The U.S. government amassed a secret law enforcement database of Americans’ outbound overseas telephone calls through administrative subpoenas issued to multiple phone companies for more than a decade, according to officials and a government affidavit made public Thursday.
The existence of the database was made known at the order of U.S. District Judge Rudolph Contreras of Washington, presiding over the case of a U.S.-Iranian dual national who is accused of unlawfully exporting non-military technology to Iran.
Civil liberties groups and attorneys for the defendant, Shantia Hassanshahi, called the database a sweeping overreach of a 1988 provision of the Controlled Substances Act, aimed at drug enforcement.
According to Robert Patterson, assistant special agent in charge at the Drug Enforcement Administration, until 2013 American law enforcement officials periodically asked an unspecified number of U.S. telecommunications service providers for phone record metadata — specifically originating and receiving telephone numbers and the date, time and length of calls — for outbound U.S. calls dialed to countries “determined to have a demonstrated nexus to international drug trafficking and related criminal activities.”
Patterson, in the lightly redacted affidavit, does not state the number of countries involved but includes Iran. The affidavit states the database was suspended in September 2013 but does not say why. One individual familiar with the program said the newly disclosed program had been running since the 1990s.
Justice Department spokesman Patrick Rodenbush said the program, which he did not name, was “ultimately terminated. It has not been active nor searchable since September 2013, and all of the information has been deleted.”
Rodenbush declined to state whether the DEA was collecting bulk communications data in other forms.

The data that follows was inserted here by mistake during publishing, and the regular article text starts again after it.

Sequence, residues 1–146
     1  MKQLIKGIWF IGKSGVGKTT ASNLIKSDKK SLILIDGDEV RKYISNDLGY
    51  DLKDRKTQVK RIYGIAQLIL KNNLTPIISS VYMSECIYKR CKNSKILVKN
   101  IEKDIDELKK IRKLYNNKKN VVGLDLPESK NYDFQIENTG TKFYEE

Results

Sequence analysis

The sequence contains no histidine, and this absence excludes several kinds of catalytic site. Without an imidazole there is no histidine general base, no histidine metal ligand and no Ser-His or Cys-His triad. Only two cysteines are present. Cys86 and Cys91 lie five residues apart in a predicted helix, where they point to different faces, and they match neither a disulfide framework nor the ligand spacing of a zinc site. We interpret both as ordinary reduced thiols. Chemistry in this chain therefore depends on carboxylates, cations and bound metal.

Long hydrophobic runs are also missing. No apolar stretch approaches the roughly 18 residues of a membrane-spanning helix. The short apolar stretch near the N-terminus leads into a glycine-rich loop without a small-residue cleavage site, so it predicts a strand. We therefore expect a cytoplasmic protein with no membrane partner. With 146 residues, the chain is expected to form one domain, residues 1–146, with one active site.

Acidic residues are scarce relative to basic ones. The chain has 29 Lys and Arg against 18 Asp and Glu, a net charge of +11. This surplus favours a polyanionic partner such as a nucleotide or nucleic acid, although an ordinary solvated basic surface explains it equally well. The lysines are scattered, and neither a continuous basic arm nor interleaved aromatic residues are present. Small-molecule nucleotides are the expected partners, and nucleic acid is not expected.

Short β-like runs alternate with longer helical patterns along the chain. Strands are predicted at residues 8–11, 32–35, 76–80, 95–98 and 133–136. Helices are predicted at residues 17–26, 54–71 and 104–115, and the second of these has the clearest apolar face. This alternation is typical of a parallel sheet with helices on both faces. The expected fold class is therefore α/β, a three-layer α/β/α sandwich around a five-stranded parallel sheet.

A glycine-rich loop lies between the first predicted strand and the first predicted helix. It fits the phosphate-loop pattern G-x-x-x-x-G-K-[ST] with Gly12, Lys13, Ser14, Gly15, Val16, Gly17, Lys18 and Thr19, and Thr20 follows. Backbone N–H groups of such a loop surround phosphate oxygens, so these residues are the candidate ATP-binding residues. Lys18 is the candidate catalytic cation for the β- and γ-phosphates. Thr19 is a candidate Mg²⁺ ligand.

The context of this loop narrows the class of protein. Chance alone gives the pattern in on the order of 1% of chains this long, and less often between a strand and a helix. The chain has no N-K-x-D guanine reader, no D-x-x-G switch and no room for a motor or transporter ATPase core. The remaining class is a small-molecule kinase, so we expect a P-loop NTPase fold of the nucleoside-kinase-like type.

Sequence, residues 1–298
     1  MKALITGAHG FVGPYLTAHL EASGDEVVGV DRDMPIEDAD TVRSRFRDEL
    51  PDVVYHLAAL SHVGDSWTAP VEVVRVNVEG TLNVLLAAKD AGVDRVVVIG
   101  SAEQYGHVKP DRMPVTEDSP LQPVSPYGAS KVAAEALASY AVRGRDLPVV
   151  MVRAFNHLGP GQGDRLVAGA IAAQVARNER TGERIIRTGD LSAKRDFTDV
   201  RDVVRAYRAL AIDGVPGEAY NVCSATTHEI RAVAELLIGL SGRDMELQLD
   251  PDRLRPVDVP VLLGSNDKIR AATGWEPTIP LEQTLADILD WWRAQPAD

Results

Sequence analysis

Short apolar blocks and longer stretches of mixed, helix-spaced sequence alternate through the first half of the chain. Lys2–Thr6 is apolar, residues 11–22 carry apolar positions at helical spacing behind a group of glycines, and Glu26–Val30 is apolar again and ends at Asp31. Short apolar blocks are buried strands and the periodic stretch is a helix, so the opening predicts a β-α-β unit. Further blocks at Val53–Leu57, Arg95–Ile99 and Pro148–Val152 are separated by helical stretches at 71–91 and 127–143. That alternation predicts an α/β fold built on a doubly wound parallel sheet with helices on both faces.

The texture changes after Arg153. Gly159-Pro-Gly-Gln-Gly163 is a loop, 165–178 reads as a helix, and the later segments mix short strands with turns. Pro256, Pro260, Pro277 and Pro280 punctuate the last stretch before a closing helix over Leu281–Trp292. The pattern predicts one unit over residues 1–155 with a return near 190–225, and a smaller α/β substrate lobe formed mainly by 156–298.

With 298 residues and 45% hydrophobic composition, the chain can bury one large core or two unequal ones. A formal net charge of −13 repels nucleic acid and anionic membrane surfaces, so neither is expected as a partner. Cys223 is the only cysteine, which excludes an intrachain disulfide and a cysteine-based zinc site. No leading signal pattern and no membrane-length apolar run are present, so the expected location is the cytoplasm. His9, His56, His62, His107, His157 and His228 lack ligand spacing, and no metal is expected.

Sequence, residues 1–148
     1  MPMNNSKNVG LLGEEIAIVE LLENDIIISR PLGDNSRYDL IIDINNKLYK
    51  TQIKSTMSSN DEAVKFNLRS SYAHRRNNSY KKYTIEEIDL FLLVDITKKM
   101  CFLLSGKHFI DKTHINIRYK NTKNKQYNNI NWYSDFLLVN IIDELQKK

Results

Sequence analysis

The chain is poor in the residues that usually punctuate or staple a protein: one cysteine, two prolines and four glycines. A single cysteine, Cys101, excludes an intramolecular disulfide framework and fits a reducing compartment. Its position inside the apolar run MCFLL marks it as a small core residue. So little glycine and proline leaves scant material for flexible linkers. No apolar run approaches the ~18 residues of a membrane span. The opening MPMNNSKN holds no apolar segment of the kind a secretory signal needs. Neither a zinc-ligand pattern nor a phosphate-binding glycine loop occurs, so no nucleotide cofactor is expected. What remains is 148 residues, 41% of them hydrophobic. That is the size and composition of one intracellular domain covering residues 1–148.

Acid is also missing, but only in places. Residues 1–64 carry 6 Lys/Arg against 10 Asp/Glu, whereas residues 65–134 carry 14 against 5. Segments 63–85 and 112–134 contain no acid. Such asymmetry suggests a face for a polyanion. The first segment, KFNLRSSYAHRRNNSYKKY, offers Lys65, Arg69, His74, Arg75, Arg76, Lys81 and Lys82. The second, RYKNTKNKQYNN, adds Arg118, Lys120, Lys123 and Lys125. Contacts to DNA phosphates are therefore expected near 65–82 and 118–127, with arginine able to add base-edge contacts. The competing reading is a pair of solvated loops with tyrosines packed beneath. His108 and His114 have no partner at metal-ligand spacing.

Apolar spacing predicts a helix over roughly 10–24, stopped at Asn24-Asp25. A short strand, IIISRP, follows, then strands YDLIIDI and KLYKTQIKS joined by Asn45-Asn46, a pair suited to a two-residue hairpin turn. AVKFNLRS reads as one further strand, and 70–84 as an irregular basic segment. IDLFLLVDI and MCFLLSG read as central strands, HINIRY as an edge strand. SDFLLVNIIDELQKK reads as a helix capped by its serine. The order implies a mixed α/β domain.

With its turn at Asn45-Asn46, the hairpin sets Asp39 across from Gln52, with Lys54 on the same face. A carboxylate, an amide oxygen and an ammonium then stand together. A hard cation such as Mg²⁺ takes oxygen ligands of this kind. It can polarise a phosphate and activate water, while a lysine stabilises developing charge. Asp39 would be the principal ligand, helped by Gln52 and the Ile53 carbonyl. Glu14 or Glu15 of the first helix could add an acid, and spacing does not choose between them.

The New York Times reported in September 2013 that for at least the previous six years, law enforcement counternarcotics officials had routine access to an AT&T database of all calls made through its switches dating to 1987 through the use of so-called administrative subpoenas in what was called the Hemisphere Project. That separate database reportedly adds 4 billion records per day.
In August 2013, Reuters described the DEA Special Operations Division’s pursuit of drug dealers, money launderers and other criminals through a database called DICE, which reportedly consisted of about 1 billion records, mostly phone log data legally gathered through “subpoenas or search warrants.”
Unlike court subpoenas or search warrants, however, administrative subpoenas do not require involvement from prosecutors, grand juries or a judge but can be issued directly by law enforcement.
The National Security Agency collects daily from U.S. carriers the metadata of millions of Americans’ phone calls — time, date and duration, but not the content — under a program overseen by the Foreign Intelligence Surveillance Court. The program was disclosed by former NSA contractor Edward Snowden in June 2013 and sparked a national debate about the proper scope of government surveillance.
Subpoena powers “will be used judiciously and with appropriate restraint,” the report said, quoting the DEA Agents Manual.
Hassanshahi pleaded not guilty after he was arrested in 2013 in Los Angeles after agents said they used the database to trace a call to Iran to a phone linked to him.
He was identified through the database by a Department of Homeland Security agency, Immigration and Customs Enforcement’s Homeland Security Investigations.
The DEA affidavit said the database could be queried when officials “had a reasonable articulable suspicion” that a phone number “was related to an ongoing federal criminal investigation.”
In an interview, Hassanshahi’s attorney, Saied Kashani, said, “The government has converted the war on drugs into a war on privacy.”
“They’ve used a statute, which is designed for limited subpoenas to get information about drug trafficking, and used it to gather routinely and monthly records of every phone call placed by every American [to someone] overseas, and then they’re making this information available secretly to every other government agency,” Kashani said.
Michael German, a fellow with the Brennan Center for Justice, said it was disturbing to see “the DEA basically mirroring a very closely regulated program on the national security side, without the same regulations and oversight.”